'My head was filled with doubts and insecurities but I'm ready to win sprints again': says Elia Viviani as he re-joins Ineos in 2022

The former Italian champion and Olympic gold medallist is confident he can get back to the top of sprinting

Elia Viviani
(Image credit: Getty Images)

Elia Viviani has said his "insecurities are gone" and he's "ready to win sprints again" as he prepares to join Ineos Grenadiers.

The Italian sprinter has said he is "back in an environment that I know and where I feel comfortable." 

Viviani was announced to be re-signing for the British squad on November 1 this year and is at the forefront of Ineos' campaign to target success outside of general classifications in 2022.

However, he struggled over the past two years with Cofidis after he left Quick-Step where he was consistently taking high-profile victories.

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Speaking in a piece by La Gazzetta dello Sport (opens in new tab), Viviani said: "I am back in an environment that I know and where I feel comfortable. I want to return to [being one of] the best sprinters in the world.

"I admit my head was filled with doubts and insecurities. I imagine the same thing happens to a striker in football when he can no longer score. But now my doubts and insecurities are gone. I swept them away."

Viviani won seven times this season, which isn't a bad total, but they were in smaller races like the Cholet - Pays de la Loire rather than the Grand Tours which dominate his other 85 career wins. 

In 2018, for example, he won 18 times while at Quick-Step, including four Giro d'Italia stages and three Vuelta a España stages.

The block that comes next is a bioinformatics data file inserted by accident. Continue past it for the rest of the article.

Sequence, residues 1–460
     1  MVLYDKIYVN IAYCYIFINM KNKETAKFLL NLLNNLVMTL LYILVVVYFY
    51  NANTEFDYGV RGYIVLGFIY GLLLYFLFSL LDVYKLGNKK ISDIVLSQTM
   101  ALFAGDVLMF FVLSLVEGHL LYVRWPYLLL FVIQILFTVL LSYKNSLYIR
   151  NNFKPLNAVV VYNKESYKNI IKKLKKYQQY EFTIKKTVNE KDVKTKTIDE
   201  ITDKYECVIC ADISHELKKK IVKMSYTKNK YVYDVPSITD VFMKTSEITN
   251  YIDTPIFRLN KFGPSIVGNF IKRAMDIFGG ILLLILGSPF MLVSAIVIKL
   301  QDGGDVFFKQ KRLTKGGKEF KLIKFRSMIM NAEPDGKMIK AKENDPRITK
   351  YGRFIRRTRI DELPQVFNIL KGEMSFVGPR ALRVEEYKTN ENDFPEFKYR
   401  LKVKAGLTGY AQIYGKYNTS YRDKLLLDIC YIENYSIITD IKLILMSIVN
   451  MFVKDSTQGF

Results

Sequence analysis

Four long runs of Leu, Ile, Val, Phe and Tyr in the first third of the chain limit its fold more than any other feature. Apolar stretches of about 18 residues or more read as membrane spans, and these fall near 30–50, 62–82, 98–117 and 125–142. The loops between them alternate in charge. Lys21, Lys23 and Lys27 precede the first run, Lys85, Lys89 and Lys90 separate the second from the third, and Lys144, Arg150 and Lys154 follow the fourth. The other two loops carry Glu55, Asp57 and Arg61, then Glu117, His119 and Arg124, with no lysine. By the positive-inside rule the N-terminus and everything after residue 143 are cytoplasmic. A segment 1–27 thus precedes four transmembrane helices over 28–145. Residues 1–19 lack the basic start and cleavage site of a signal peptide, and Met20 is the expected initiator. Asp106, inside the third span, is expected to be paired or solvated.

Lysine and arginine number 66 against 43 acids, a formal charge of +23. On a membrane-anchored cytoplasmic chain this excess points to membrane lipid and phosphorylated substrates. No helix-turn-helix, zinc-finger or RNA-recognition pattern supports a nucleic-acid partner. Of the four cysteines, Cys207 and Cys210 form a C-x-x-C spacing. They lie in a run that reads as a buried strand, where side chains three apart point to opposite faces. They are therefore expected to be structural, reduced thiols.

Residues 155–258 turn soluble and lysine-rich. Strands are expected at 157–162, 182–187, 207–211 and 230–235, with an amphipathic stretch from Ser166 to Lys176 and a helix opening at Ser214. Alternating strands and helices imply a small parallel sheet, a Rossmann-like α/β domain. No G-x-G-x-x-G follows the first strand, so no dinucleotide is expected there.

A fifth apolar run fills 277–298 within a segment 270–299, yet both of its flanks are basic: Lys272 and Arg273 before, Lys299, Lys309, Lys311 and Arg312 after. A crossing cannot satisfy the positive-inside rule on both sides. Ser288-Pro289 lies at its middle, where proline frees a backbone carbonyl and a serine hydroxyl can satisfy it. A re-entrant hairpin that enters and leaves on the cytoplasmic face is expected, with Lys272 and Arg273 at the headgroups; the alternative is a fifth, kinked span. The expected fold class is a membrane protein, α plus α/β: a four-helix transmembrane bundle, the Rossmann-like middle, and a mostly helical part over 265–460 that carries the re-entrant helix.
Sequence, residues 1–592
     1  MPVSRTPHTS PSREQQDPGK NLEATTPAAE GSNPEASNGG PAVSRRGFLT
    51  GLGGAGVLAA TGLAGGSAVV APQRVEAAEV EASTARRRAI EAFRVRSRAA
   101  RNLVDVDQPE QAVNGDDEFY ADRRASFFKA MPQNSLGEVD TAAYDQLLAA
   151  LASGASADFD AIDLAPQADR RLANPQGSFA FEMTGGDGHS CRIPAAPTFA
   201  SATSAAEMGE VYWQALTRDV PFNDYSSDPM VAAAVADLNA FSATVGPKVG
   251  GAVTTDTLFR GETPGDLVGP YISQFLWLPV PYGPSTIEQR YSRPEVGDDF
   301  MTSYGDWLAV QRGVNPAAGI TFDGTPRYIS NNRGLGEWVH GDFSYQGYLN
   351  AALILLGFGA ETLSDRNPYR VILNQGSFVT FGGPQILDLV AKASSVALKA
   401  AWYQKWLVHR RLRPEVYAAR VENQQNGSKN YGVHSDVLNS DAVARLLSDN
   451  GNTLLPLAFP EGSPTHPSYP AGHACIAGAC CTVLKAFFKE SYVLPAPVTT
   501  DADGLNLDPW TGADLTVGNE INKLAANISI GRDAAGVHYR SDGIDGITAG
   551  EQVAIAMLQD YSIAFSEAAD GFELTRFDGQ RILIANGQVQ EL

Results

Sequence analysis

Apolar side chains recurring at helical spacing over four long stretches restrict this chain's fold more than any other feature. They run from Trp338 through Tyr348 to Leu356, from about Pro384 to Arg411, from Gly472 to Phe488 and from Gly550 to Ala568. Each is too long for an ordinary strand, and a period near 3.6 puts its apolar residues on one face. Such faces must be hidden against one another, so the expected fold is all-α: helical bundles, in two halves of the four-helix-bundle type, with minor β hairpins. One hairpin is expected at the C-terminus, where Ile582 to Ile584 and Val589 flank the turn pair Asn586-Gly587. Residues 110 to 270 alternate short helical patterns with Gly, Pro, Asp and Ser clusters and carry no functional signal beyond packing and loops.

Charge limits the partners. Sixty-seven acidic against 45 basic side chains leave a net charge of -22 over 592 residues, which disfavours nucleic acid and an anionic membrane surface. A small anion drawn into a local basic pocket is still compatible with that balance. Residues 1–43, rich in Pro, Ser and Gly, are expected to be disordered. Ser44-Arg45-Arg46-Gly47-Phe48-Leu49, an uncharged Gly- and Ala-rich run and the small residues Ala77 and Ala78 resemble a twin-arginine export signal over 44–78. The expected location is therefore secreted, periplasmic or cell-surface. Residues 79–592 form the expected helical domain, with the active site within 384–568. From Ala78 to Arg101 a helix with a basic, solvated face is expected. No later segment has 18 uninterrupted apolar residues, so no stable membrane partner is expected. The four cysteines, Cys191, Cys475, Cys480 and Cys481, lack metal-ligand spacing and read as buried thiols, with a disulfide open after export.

Viviani is confident he can get back to that level, saying that there is not one stand-out sprinter at the moment.

"The riders with the most wins are not sprinters. There is no dominant winner, there are dozens of sprinters competing for the marbles. Because no one stands out, you are never beaten as a sprinter - I'm ready to win important sprints again."

The 32-year-old has joined his new, and in some cases old, team-mates at a training camp as he returns to the team he raced for over three years between 2015 and 2017. He is contracted to stay with Ineos until 2024, where the Paris Olympic Games will take place.

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Hi, I'm one of Cycling Weekly's content writers for the web team responsible for writing stories on racing, tech, updating evergreen pages as well as the weekly email newsletter. Proud Yorkshireman from the UK's answer to Flanders, Calderdale, go check out the cobbled climbs!


I started watching cycling back in 2010, before all the hype around London 2012 and Bradley Wiggins at the Tour de France. In fact, it was Alberto Contador and Andy Schleck's battle in the fog up the Tourmalet on stage 17 of the Tour de France.


It took me a few more years to get into the journalism side of things, but I had a good idea I wanted to get into cycling journalism by the end of year nine at school and started doing voluntary work soon after. This got me a chance to go to the London Six Days, Tour de Yorkshire and the Tour of Britain to name a few before eventually joining Eurosport's online team while I was at uni, where I studied journalism. Eurosport gave me the opportunity to work at the world championships in Harrogate back in the awful weather.


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